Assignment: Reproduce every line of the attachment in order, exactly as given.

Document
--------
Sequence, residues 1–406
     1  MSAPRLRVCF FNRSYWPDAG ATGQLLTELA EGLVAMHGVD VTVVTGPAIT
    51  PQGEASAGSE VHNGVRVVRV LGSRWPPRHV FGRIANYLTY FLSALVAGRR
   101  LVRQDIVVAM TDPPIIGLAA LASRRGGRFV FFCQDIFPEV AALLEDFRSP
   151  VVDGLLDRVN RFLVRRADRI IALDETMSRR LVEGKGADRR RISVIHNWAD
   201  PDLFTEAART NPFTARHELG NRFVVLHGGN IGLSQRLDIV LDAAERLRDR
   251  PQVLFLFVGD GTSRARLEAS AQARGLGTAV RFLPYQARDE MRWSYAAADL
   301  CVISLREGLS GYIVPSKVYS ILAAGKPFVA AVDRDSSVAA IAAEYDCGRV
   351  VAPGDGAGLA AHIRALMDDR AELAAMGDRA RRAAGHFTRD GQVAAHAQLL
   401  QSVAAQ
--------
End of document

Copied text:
Sequence, residues 1–406
     1  MSAPRLRVCF FNRSYWPDAG ATGQLLTELA EGLVAMHGVD VTVVTGPAIT
    51  PQGEASAGSE VHNGVRVVRV LGSRWPPRHV FGRIANYLTY FLSALVAGRR
   101  LVRQDIVVAM TDPPIIGLAA LASRRGGRFV FFCQDIFPEV AALLEDFRSP
   151  VVDGLLDRVN RFLVRRADRI IALDETMSRR LVEGKGADRR RISVIHNWAD
   201  PDLFTEAART NPFTARHELG NRFVVLHGGN IGLSQRLDIV LDAAERLRDR
   251  PQVLFLFVGD GTSRARLEAS AQARGLGTAV RFLPYQARDE MRWSYAAADL
   301  CVISLREGLS GYIVPSKVYS ILAAGKPFVA AVDRDSSVAA IAAEYDCGRV
   351  VAPGDGAGLA AHIRALMDDR AELAAMGDRA RRAAGHFTRD GQVAAHAQLL
   401  QSVAAQ